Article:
The lamp of this invention employs a relatively new type of reflector which affords retention of the reflected light in large measure Within a generally rectangular area. Consequently, a greater quantity of light actually afforded by the source may be brought to bear in a localized Way. This type of reflector is not critical in the invention, although it is preferred for use in the asesmb y.

As will be appreciated, the entire lamp assembly is provided with water sealing means so that the wiring, battery, etc., is protected from actual water contact.

The invention is more fully illustrated in drawings which are attached hereto in which:

FIGURE 1 is a view in side elevation;

FIGURE 2 is an end elevational view looking into the reflector-light assembly;

FIGURE 3 is a side view partly in section;

(FIGURE 4 is a view showing the light-source assembly, revealed in the view of FIGURE 5, removed from its normal position;

FIGURE 5 is a partial sectional view through the reflector-light source assembly;

FIGURE 6 is a plan view of a shielded quartz-iodide lamp according to this invention.

Referring first to FIGURE 1 of the drawings, numeral .10 denotes a battery case 'which may be of any suitable material, either metal or plastic, which is conditioned to be resistant to water, especially salt water. The case is of such dimension as to contain an ordinary 12-volt battery and it is provided with strap holders 12 (FIG- URE 2) by which it may be readily attached to a belt for support on the divers body. Numeral 14 denotes a member serving as a closure for the battery case, the member being held tightly in sealing position by wing nuts 16. Numeral 18 denotes a box serving to house electrical connections and parts, numeral 20 denoting a switch for turning the light on and off, and numeral 22 denoting plug-in type electrical outlet. Numeral 24 denotes a top for box 18 held in position by any suitable means, as by bolt 26. Numeral 28 is an electrical conduit extending between the connector unit 22 and leading to the light-source assembly 30 (see FIGURE The lamp itself is moveably and detachably mounted on the electrical circuit box, and it is provided with a yoke 32 for this purpose. Thus, as will be observed, the association of parts is such as to allow the lighting portion to be hand held either separately from the battery case, which may be attached to divers belt, or the entire assembly may be hand carried completely detached from the body of the user.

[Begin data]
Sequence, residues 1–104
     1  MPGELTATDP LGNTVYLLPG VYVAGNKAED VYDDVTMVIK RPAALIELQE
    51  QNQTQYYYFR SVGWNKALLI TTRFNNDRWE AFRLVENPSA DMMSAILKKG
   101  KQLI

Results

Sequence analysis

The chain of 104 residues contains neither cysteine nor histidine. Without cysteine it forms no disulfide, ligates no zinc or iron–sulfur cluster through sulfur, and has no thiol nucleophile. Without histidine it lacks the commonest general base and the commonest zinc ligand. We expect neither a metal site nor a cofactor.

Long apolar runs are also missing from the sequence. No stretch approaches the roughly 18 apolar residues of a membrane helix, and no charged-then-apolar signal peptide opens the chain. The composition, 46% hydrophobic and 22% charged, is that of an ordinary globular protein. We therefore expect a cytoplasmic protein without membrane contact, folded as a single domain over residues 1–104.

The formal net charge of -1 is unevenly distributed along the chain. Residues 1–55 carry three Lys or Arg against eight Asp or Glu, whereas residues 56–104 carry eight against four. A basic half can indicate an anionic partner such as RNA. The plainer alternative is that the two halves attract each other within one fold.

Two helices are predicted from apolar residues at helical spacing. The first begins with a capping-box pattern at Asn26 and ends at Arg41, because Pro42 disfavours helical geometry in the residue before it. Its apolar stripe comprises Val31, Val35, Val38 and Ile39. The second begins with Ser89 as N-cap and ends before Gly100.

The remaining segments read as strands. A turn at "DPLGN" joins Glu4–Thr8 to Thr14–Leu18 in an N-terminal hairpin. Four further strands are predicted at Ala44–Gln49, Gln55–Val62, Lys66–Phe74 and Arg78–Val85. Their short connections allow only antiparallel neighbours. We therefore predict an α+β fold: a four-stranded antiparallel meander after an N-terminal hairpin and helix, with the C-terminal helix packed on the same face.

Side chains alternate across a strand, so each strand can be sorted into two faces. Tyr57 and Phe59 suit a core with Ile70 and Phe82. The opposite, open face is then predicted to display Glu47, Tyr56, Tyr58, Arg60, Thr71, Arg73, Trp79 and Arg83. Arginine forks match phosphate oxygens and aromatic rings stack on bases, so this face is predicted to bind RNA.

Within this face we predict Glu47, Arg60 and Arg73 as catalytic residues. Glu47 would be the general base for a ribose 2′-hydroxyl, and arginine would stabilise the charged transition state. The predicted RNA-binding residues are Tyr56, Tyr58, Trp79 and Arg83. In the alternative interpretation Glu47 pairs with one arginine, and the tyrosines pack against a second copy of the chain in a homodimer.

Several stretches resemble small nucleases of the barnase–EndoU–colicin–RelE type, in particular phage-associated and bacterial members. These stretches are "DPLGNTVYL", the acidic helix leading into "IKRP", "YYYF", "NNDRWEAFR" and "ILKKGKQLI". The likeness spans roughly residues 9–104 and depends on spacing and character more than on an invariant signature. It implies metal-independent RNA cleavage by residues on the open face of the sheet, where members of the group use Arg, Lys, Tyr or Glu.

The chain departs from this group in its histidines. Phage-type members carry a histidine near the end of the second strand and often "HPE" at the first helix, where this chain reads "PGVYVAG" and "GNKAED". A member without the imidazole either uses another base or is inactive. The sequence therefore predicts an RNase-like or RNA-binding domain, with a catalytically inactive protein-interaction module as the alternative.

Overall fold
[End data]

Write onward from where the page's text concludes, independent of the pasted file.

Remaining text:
It is not considered necessary to discuss the details of the circuitry and wiring since the arrangement is perfectly conventional and the wiring is shown in the drawings.

Referring to FIGURES 2 and 5, numeral 34 denotes a reflector of the type mentioned hereinabove. As will be seen, the light-source assembly 30 is shown positioned in relation to the reflector. The portion of the lamp assembly by which it is held is generally cylindrical and of such size to be readily accommodated in the hand, while also providing a housing for the light source. The said housing portion is denoted by numeral 36. Numeral 38 denotes a bulb or light socket member which is positioned within the housing 36. The socket member is frictionally held in position by resilient circular rings 40. Numeral 42 denotes a quartz-iodide type bulb which is connected to the battery cable 28 through the interior of the socket member which is hollow. Numeral 44 denotes an outer light-transmitting shielding tube which is frictionally held on the socket member, in water sealing relationship thereto, by the resilient ring 46. It may be remarked that the difference in diameter of the socket member as between the portion which carries rings 40 and the portion which carries ring 46 is for the purpose of adapting the socket to the assembly from the standpoint of convenient size. The light socket, the bulb and the bulb shielding tube when in assembled relation may be regarded as unitary; thus, when the light socket, numeral .38, is moved relative to the housing, these parts move as a unit. The frictional engagement of the light socket with the outer housing is such that the unitary assembly is normally held firmly in position; however, not so firmly as to render it immovable. The pressure between the rings 40 and housing is such as to permit the light socket to be moved longitudinally of the housing so that the bulb may be positioned with respect to the reflector as may be desired, simply by manipulation of the light socket at the point of entry of the electrical conduit at numeral 48. Similarly, the unitary assembly including the light socket, bulb and bulb shield may be easily withdrawn from its housing by pulling rearwardly at the same point of electrical connection so that the light source becomes useable entirely apart from the lamp assembly. It will be perceived that the electrical conduit may be as long as desired, or adapted to be replaced by a longer or shorter conduit.